Re: [DDN] Want E-Gov? Pick Up the Phone (fwd)

2005-05-09 Thread John Hibbs
Speaking of forgotten technologies, how about fax-on-demand? And 
auto-responders?

In this regard, a friendly thought sent with a hug -
on this page
http://www.digitaldivide.net/about/contact.php
Perhaps in each of the categories the viewer could send an email to ???
(media???)@digitaldivide.net
(questions???)@digitaldivide.net
which would trigger an autoresponded message -- with short faq and 
full names and phone numbers for the right person?

John Hibbs
http://www.bfranklin.edu/johnhibbs
At 9:21 PM -0500 5/8/05, Donald Z. Osborn wrote:
True that the telephone is accessible, but at least in the US, phoning many
government services gets one into a tree (thicket) of recorded menus 
and canned
answers. Sometimes useful but a simple question can take an age to find the
answer to, and anything more complex becomes an exercise in frustration.

Information is part of the goal, but presentation of it in a user friendly way
is key, and often that means what in cyberspeak is sometimes termed 
speaking to
a live person. (Don't want to think of the alternative.)

Quoting Kenan Jarboe [EMAIL PROTECTED]:
 Andy -- thanks for posting this.  Sometimes we forget how powerful the
 old technologies  (i.e. telephones) can be.  I think the thrust of this
 report is important -- which electronic channels work best  I would even
 drop the word electronic.  Our goal is access to government information,
 services and decision-making -- through whatever means (channels) work best.
 Ken

 
 
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Re: [DDN] Want E-Gov? Pick Up the Phone (fwd)

2005-05-09 Thread Andy Carvin
Hi John,
We don't have a budget right now to add new functionalities to the 
website, so any new tools like this would have to be freely available

ac
John Hibbs wrote:
Speaking of forgotten technologies, how about fax-on-demand? And 
auto-responders?

In this regard, a friendly thought sent with a hug -
on this page
http://www.digitaldivide.net/about/contact.php
Perhaps in each of the categories the viewer could send an email to ???
(media???)@digitaldivide.net
(questions???)@digitaldivide.net
which would trigger an autoresponded message -- with short faq and full 
names and phone numbers for the right person?

John Hibbs
http://www.bfranklin.edu/johnhibbs
At 9:21 PM -0500 5/8/05, Donald Z. Osborn wrote:
True that the telephone is accessible, but at least in the US, phoning 
many
government services gets one into a tree (thicket) of recorded menus 
and canned
answers. Sometimes useful but a simple question can take an age to 
find the
answer to, and anything more complex becomes an exercise in frustration.

Information is part of the goal, but presentation of it in a user 
friendly way
is key, and often that means what in cyberspeak is sometimes termed 
speaking to
a live person. (Don't want to think of the alternative.)

Quoting Kenan Jarboe [EMAIL PROTECTED]:
 Andy -- thanks for posting this.  Sometimes we forget how powerful the
 old technologies  (i.e. telephones) can be.  I think the thrust of 
this
 report is important -- which electronic channels work best  I 
would even
 drop the word electronic.  Our goal is access to government 
information,
 services and decision-making -- through whatever means (channels)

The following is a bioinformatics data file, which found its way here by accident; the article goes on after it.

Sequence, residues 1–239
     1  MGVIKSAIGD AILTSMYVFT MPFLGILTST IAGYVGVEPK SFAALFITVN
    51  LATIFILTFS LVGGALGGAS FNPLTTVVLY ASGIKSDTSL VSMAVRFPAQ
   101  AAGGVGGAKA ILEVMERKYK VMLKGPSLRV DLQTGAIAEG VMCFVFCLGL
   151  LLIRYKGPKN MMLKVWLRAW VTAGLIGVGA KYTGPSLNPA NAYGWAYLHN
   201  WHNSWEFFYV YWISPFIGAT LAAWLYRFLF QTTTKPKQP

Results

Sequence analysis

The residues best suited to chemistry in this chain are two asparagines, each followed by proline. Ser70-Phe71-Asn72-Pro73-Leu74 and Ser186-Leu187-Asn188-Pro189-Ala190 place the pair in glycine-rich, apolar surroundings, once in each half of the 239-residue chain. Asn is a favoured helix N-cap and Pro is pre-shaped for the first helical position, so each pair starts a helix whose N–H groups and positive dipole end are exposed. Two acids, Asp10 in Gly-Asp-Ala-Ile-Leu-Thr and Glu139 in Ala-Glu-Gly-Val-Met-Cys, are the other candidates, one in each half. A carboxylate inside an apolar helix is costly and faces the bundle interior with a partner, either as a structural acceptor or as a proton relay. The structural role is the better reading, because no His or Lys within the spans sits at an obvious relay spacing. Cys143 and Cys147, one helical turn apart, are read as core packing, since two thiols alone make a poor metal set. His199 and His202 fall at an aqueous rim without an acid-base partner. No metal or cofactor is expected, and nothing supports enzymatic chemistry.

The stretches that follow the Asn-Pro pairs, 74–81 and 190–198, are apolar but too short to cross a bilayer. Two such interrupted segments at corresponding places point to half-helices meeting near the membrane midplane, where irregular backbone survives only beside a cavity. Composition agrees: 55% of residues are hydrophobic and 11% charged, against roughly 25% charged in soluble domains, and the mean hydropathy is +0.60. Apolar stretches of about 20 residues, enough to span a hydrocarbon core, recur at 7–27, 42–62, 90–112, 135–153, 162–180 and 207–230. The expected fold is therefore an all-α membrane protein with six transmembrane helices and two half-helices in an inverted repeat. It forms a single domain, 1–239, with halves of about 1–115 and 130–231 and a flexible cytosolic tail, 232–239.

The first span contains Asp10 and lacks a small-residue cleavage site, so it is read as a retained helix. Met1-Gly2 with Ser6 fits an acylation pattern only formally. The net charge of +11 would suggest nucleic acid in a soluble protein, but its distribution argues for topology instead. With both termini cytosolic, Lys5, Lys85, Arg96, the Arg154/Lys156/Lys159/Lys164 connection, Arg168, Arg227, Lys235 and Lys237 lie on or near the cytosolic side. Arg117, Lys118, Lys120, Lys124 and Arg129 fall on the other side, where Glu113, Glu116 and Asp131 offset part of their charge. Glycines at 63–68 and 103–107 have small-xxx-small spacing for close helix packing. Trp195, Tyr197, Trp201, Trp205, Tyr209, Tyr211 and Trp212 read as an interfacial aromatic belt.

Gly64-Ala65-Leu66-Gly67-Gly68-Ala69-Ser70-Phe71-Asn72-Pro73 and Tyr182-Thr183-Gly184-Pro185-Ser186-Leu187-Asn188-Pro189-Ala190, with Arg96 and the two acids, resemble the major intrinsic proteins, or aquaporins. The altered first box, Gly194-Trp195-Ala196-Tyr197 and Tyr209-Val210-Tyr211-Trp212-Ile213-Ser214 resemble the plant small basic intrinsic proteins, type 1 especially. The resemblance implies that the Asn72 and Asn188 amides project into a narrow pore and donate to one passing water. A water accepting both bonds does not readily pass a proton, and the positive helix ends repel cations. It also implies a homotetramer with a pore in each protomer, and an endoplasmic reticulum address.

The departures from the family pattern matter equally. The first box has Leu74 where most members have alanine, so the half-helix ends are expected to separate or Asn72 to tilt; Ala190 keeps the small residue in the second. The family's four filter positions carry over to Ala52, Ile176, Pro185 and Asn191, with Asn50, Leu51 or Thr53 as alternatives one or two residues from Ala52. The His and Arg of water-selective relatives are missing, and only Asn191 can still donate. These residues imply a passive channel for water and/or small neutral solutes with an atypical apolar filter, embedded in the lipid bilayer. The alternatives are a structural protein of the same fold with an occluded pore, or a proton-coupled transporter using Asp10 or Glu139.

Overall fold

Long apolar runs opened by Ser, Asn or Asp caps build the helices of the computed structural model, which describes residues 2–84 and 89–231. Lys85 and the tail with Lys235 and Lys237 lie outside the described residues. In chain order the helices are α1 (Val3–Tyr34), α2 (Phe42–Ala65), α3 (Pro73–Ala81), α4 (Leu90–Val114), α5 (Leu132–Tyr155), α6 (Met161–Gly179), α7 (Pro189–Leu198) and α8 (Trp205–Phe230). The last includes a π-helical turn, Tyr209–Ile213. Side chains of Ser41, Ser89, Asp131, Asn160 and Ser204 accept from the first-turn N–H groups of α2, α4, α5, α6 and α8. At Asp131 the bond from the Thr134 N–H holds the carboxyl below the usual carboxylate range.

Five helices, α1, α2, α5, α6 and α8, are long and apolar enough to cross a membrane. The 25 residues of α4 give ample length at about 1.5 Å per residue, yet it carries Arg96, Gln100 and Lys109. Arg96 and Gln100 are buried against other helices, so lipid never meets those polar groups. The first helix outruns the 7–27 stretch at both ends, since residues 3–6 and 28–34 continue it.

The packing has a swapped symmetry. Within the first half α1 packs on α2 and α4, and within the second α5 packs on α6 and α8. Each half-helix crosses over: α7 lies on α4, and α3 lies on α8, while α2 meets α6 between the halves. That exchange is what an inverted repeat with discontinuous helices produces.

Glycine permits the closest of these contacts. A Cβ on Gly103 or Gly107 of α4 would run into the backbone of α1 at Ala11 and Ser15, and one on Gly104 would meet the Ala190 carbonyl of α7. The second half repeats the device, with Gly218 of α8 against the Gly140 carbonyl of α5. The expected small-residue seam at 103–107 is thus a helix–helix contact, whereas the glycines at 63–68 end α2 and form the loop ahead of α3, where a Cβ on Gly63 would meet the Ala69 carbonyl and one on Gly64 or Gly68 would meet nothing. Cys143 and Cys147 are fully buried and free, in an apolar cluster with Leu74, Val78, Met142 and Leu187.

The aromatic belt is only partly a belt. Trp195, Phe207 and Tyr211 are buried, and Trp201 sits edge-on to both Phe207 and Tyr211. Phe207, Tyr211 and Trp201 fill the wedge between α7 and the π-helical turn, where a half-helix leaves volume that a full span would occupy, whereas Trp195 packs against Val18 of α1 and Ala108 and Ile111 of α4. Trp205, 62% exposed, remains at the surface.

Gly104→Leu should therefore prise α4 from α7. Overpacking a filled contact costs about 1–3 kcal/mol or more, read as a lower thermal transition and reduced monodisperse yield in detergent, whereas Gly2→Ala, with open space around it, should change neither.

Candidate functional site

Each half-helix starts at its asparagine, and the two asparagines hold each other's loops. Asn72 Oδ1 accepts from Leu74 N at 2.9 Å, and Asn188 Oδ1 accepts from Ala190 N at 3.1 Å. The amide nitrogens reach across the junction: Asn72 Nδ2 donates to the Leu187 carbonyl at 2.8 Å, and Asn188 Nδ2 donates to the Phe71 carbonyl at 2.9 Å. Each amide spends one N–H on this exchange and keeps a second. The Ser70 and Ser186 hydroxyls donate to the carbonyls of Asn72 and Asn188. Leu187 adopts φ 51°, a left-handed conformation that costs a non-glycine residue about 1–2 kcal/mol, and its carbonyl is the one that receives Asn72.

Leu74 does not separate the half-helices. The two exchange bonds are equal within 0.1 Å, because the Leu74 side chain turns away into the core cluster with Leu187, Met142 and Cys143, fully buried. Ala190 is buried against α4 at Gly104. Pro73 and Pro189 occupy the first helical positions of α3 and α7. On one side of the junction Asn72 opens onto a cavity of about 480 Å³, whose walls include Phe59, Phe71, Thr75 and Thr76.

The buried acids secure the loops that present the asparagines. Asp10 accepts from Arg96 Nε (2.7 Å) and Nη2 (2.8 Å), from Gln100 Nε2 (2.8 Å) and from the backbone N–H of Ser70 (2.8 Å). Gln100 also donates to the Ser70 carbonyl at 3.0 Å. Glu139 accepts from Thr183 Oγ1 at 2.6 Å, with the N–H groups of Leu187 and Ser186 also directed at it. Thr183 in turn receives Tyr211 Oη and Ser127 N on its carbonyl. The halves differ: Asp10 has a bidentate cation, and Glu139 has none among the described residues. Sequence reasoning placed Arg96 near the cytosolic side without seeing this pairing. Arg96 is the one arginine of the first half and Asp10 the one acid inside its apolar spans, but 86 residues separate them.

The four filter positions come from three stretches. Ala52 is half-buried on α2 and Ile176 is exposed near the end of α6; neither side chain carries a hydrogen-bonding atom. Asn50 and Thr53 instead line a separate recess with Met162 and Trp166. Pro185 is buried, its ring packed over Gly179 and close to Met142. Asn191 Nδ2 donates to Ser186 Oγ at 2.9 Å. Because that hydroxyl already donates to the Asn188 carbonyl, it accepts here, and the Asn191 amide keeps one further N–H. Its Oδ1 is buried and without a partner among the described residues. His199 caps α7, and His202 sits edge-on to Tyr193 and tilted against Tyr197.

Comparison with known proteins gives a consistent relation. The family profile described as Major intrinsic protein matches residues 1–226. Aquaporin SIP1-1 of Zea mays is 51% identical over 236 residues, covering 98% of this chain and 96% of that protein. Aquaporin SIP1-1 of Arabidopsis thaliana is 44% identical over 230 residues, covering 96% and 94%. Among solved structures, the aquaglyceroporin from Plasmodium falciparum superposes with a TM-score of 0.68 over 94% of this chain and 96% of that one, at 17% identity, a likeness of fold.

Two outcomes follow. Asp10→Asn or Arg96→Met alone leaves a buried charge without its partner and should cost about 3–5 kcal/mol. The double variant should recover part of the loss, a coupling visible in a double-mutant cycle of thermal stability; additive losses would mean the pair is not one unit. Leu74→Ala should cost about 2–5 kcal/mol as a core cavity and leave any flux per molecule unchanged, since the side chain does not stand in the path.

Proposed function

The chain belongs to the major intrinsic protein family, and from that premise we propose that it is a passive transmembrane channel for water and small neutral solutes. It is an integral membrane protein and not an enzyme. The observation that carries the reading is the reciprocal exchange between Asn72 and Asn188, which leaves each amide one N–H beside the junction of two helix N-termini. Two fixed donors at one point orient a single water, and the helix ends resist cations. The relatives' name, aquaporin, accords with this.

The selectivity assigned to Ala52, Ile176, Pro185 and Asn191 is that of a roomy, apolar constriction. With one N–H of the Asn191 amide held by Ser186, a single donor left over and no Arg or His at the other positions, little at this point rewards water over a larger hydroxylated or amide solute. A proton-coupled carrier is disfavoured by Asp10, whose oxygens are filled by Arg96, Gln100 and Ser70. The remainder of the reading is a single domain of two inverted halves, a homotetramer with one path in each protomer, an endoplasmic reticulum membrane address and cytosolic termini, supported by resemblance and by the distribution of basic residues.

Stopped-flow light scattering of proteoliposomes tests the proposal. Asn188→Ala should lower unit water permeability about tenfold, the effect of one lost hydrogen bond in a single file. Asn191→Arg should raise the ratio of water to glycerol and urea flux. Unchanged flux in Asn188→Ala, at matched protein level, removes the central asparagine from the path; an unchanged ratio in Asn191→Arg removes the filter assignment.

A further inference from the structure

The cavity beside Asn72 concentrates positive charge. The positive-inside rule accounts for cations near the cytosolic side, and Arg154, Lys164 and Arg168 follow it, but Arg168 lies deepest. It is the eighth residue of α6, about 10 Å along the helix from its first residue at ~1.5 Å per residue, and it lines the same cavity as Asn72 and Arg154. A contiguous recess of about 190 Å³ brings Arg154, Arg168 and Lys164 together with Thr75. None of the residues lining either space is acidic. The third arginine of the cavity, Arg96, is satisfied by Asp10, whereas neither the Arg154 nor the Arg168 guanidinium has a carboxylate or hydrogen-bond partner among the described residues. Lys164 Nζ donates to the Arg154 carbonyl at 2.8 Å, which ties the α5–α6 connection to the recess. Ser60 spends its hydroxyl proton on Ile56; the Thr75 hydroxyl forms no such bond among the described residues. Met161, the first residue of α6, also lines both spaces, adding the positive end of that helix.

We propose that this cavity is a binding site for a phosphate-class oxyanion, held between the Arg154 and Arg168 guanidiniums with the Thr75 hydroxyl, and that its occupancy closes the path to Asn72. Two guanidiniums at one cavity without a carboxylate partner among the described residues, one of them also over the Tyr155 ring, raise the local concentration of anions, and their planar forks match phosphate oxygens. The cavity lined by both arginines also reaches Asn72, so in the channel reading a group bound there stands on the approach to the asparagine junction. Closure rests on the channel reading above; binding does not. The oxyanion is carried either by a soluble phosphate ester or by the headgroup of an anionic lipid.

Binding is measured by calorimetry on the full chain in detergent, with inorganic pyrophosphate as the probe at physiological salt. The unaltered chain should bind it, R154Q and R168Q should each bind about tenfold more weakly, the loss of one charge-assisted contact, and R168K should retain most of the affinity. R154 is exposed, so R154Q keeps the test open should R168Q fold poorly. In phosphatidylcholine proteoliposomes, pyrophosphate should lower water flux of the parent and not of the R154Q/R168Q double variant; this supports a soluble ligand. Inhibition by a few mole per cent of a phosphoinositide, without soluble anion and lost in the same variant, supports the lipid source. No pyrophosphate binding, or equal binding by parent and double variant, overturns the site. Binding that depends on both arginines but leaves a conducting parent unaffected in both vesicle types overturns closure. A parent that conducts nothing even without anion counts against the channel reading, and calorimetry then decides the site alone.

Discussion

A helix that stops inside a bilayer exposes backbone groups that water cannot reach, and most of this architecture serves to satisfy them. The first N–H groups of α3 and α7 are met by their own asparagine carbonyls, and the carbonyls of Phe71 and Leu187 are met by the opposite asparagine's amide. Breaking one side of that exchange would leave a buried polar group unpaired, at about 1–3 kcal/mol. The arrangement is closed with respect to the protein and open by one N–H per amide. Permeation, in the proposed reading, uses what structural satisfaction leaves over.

work best.

 Ken

 
 

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Re: [DDN] Want E-Gov? Pick Up the Phone (fwd)

2005-05-08 Thread Kenan Jarboe
Andy -- thanks for posting this.  Sometimes we forget how powerful the 
old technologies  (i.e. telephones) can be.  I think the thrust of this 
report is important -- which electronic channels work best  I would even 
drop the word electronic.  Our goal is access to government information, 
services and decision-making -- through whatever means (channels) work best.

Ken


At 12:00 PM 5/6/2005, you wrote:
From GovTech.net, a UK story on achieving E-Government for All... -ac
Want E-Gov? Pick Up the Phone
In an attempt to find out which electronic channels work best for local 
governments -- and what local citizens think of the channels available for 
using e-government services -- the United Kingdom's Office of the Deputy 
Prime Minister conducted a study called the e-Citizen National Project.

One piece of good news is that Britons seem to like the idea of being 
e-citizens. Few, however, have tried it, writes Michael Cross in The Guardian.

 The report highlights two groups of potential users -- the 
progressives include male, high-income earners with access to 
technology, and the contenteds, who are happy with local government and 
comfortable with technology. But the report says these two groups need 
online government services the least, while the poor, minorities and 
other disenfranchised groups who need the services most aren't using 
them. That is partially because this segment of the population simply 
does not have access to the technology that Britain's local authorities 
want them to use when it comes to e-services. Nor do they particularly 
care to use computers to interact with government.

 Buried within the report is this fact: The most universal e channel in 
the UK is the telephone, to which 94 percent of the population has 
access. That percentage is about the same here in America.

snip
http://www.govtech.net/magazine/channel_story.php?channel=17id=93902
--
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Andy Carvin
Program Director
EDC Center for Media  Community
acarvin @ edc . org
http://www.digitaldivide.net
http://www.tsunami-info.org
Blog: http://www.andycarvin.com
---

Kenan Patrick Jarboe, Ph.D.
Athena Alliance
911 East Capitol Street, SE
Washington, DC  20003-3903
(202) 547-7064
[EMAIL PROTECTED]
http://www.AthenaAlliance.org
http://www.IntangibleEconomy.org

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